BY CORY STYRON
Community Services Department
Los Alamos County
During the past week, the County received several letters about the Pueblo Canyon Trail Conceptual Plan process.
First, regarding my comments at a January staff meeting about this project, I want to apologize for my poor choice of words. In the grander context beyond what was represented in the meeting video, those comments do not reflect my professional commitment to a public process for project decision making, respect for all feedback, and my inherent advocacy for improving our community’s recreational infrastructure and experiences. As with any project, stakeholders have disparate views and I strive to find win-win solutions whenever possible.
The community discussion about the potential of making mountain biking improvements in Pueblo Canyon is continuing, and there are upcoming hybrid meetings on May 5 and 10, 5:30-7:30 p.m., at the Municipal Building or via Zoom: https://lacnm.com/PressRelease-PuebloCyn. This meeting will ask participants for a priority of 1 through 5 or no support for the project. These findings will be shared with the Parks and Recreation Board (PRB). If any projects receive support to move forward, the PRB will make that motion as a recommendation to the County Council for consideration.
In addition, I would like to offer more project information in advance of these upcoming meetings:
- There is a long history to this project dating back to the 2013 International Mountain Biking Association (IMBA) study and subsequent resident project advocacy initiatives and fundraising efforts.
- This project is to further explore the only identified location to implement the requested mountain biking improvements, however, whether the project is prioritized and funded for implementation is unknown until this project process continues and is completed.
- Environmental and cultural protection is critical with any project and does already co-exist well with passive recreation in our community.
2013-International Mountain Biking Association (IMBA) study
2014-2015- $500,000 allocated in Capital Improvement Funds to match a proposed Local Economic Development Act (LEDA) for a Mountain Bike Ride Center at Pajarito Mountain. Mountain was sold to private firm and this funding mechanism was no longer possible.
2016- A local resident worked with County Council to secure $50,000 for a pilot flow trail project in the Los Alamos townsite.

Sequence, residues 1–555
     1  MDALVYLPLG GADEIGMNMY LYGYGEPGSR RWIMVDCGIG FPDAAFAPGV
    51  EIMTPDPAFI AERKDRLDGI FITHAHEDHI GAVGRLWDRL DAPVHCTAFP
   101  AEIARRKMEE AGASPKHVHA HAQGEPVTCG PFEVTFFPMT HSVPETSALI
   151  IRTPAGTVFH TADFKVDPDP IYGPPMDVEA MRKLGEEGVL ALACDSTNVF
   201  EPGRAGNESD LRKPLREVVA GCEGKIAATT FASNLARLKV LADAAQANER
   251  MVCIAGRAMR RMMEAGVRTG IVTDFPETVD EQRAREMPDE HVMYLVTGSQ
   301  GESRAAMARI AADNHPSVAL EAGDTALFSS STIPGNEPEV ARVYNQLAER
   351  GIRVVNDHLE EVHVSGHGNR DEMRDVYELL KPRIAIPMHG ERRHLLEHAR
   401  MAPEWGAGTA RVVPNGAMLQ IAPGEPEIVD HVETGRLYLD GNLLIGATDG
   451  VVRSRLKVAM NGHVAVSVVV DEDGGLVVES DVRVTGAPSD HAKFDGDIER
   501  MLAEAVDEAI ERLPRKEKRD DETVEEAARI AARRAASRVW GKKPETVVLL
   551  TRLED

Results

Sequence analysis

2017-2018- The four trails were identified (Bayo Canyon North Slope, Bayo Canyon South Slope, Los Alamos Canyon and Pueblo Canyon) for consideration, stakeholders were polled, additional options were reviewed. The outcome of this process was Pueblo Canyon was the only viable option. The project stalled since due to terrain the cost would exceed the $50,000 pilot project.
2019- Due to resident requests, funding was allocated in the County budget process for a skills park and pump track.
These funded initiatives were projects to be completed within the Community Services Department (CSD), and CSD proceeded to package these items into a project similar to the original ask in 2014-2015. A formal presentation occurred at the Parks and Recreation Advisory Board (PRB) to support the request and a subsequent presentation to County Council to move the project forward with a Conceptual study of five items for $50,000 was approved on May 13, 2021.
The previous conversations and public feedback in the prior efforts were clear that Pueblo Canyon remained the only option if the project were to move forward. This project has had multiple touch points for the community since the pilot project was funded in 2014-2015. Public meetings were recorded and posted on the County website: https://lacnm.com/CSD-Projects.
The designation of color coding a trails difficulty is using IMBA standards that were derived from ski slopes. According to the IMBA definition we have 2 green trails, the balance of trails is a mix of blue and black. Most of the blue trails have elements within the route of black. These create safety concerns for users unfamiliar with trail. We do need to update the trail website with more accurate descriptions. This was echoed by other participants of the focus group meetings in January.
National Interscholastic Cycling Association (NICA Course)
There is an existing trail, however, to make a course that meets NICA standards, elements of trail such as additional width for passing lanes and safety zones, switchbacks, grade changes and a start/finish line will be required. Additionally the design shows temporary amenities for staging, pits, and spectators. These aren’t anticipated to be permanent infrastructure.
Environmental and Cultural Concerns
Bicycling is a passive activity on trails and with skills parks and can co-exist with protecting the natural and cultural environment. Consultant and staff are committed to preserving the spotted owl habitat and cultural sites within the canyon. There are multiple methods to protect both. Spotted Owl habitat includes pine stands and canyon cliffs. The intent of the trail design is to not disturb the owl habitat and any implementation of the improvements would not remove tree habitat. Recreational impact studies are limited, however one study focused on the distance a hiker walked before an owl exhibited a flush response. (Swarthout and Steidl, Journal of Wildlife Management, 2001). This study was used to inform the trail distance from the owl habitat during the design development.
Staff is also concerned with impact of the designated cultural sites and is scheduling meetings with the San Ildefonso Pueblo about not impacting any cultural sites.